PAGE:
Python Basics

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Python basics

What you see here is a jupyter notebook. It has text and code cells.

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Jupyter is good for demo purposes - for coding I recommend pycharm.

This introduction is based on this tutorial

What is python?

  • python is a general purpose programming language.
  • It is an interpreted language, so there is a python process which reads your commands and translates them to machine code on the fly
  • It is an object oriented language (we'll see later what that means)

Example usages

  • web applications
  • deep lerning
  • statistics
  • image processing
  • writing scripts
  • robot control
  • ...

Python pros

  • readable
  • fast prototyping
  • platform-independent
  • packages for almost every application

Python limitations

  • Pure python is slow
  • you need libraries to make it fast
  • There are certain things you cannot program with it (e.g. operating systems)
  • As always, there are better languages for certain problems (e.g. for numerical simulations etc)

How to install

As we use jupyter notebooks for now this is kept brief:

  • Download anaconda
  • Use anaconda to create a so-called virtual environment
  • Activate the newly created environment
    • on linux: conda activate env_name
  • Install the packages you need into this environment
    • conda install packageA packageB packageC
  • if your package cannot be found in the anaconda cloud, use pip
    • pip install ...
  • Download pycharm
  • create a project folder
  • Tell pycharm to use the newly created environment for that project
    • settings -> interpreter settings -> navigate to .../anaconda/envs/your_env/bin/python3
  • start coding


1 Python syntax and functions

x = 1 + 1
print(x)
print("this is a string")
2
this is a string

python heavily relies on consistent indentation: indentation is used to define code blocks, always use the same number of spaces (mostly, just use tab)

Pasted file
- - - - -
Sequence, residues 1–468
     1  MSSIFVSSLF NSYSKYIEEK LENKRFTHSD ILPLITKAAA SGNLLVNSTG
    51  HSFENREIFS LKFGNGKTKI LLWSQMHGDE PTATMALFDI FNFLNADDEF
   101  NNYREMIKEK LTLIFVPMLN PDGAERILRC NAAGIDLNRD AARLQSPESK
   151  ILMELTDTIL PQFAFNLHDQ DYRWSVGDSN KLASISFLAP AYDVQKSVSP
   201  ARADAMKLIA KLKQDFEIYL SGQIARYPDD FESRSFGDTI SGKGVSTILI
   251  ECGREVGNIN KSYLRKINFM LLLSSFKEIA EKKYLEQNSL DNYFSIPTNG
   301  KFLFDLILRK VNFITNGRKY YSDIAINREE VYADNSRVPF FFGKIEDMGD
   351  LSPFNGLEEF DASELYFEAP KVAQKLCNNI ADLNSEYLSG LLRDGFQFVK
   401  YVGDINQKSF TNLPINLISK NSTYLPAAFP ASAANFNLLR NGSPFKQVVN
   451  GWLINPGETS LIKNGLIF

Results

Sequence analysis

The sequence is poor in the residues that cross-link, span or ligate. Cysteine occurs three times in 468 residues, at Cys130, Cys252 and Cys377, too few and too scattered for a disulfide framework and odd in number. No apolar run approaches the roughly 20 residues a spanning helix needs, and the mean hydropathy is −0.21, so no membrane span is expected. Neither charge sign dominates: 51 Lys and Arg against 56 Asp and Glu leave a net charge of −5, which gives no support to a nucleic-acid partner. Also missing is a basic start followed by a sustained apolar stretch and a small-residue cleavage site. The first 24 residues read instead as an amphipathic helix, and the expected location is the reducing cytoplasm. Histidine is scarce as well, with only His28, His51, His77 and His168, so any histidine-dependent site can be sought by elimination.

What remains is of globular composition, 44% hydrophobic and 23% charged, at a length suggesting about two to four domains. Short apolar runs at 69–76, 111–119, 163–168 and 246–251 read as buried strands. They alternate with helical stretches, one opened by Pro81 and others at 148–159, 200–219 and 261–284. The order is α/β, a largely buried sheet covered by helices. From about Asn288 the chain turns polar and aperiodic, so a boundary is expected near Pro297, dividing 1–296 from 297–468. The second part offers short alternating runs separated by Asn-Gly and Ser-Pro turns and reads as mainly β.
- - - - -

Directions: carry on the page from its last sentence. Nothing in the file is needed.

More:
# this is a comment
 
def foo(a, b):  # def signals that we define a function, note the colon at the end of the line
    return a+b  # note the indentation here, this is inside the function
 
print(foo(2,3))
 
 
# mostly, we use underscores to make long names readable
 
def nicely_documented_function(a: int, b: int) -> int:  # we can tell other programmers what types the function expects and which type it returns
    """This is a nicely documented function, so that we don't forget, what it does.
 
    This function adds two integer numbers. 
 
    Args:
        a (int): first integer
        b (int): second integer
 
    Returns:
        The sum of a and b.
    """
    return a+b
 
def function_with_default_arguments(a, b=1):
    return a+b
 
print(function_with_default_arguments(0))
5
1

A list of valid operators can be found here.

2 Variables

x = 1
y = x
y = y+1
print(x)
print(y)
 
a, b, c = 1, 2, 3
print(a,b,c)
d=e=1
print(d,e)
1
2
1 2 3
1 1

3 Most important data types

  • Numbers: integer, float, complex
  • List-like things: list, tuple, range
  • Bool (True/False)
  • Mappings: dict (dictionary)


3.1 Numbers

a = float(1)
print(a, " <- note the dot which indicates floating point numbers")
complex_number = 2+3j # j is the imaginary unit
print(complex_number)
1.0  <- note the dot which indicates floating point numbers
(2+3j)

3.2 Lists

Lists are collections of objects and can be changed after creation.


my_list = [9999, 2, 3, 4, 5]  # Use angled brackets for lists
print(my_list[0]) # accessing elements works also with angled brackets
print(my_list[2:-1])  # use colon to access ranges within the list
 
my_list[0] = 1  # change list elements
print(my_list[0])
 
my_list[0:3] = [0,0,0]
print(my_list)
 
other_list = [1, "cat", 3.14159]  # you can mix different types in one list, but I don't recommend that
print(other_list)
 
# how long is the list?
print("length:", len(my_list))
9999
[3, 4]
1
[0, 0, 0, 4, 5]
[1, 'cat', 3.14159]
length: 5
sum(my_list)
9

3.3 Tuples

Tuples are almost like lists, but they are read-only. Tuples are created by comma-separated values and parenthesis (although strictly speaking the parentesis can be left away).


t = (1,2,3)
print(t)
print(t[0:2])
t[0] = 999 # errors
(1, 2, 3)
(1, 2)
---------------------------------------------------------------------------
TypeError                                 Traceback (most recent call last)
<ipython-input-9-541840c6b74c> in <module>
      2 print(t)
      3 print(t[0:2])
----> 4 t[0] = 999 # errors

TypeError: 'tuple' object does not support item assignment

3.4 Dictionary

A dict is a mapping from some value or object to another. It is created via curly brackets and colon-separated key-value pairs.


d = {"cat": "meow", "dog": "woof"}
d["cat"]
'meow'
d["dog"]
'woof'
# we can access all keys or values
d.keys()
dict_keys(['cat', 'dog'])
d.values()
dict_values(['meow', 'woof'])

4 Control flow

There are several methods for control flow in programming: for-loops, while-loops, if-else constructs etc


for i in range(4,8):
    print(i)
4
5
6
7

Note that ranges include the first element, but exclude the last.


i=0
while i <= 4:
    print(i)
    i += 1
0
1
2
3
4
for i in range(12,16):
    if i%2 == 0:
        print(i, "is even")
    elif i == 13:  # else if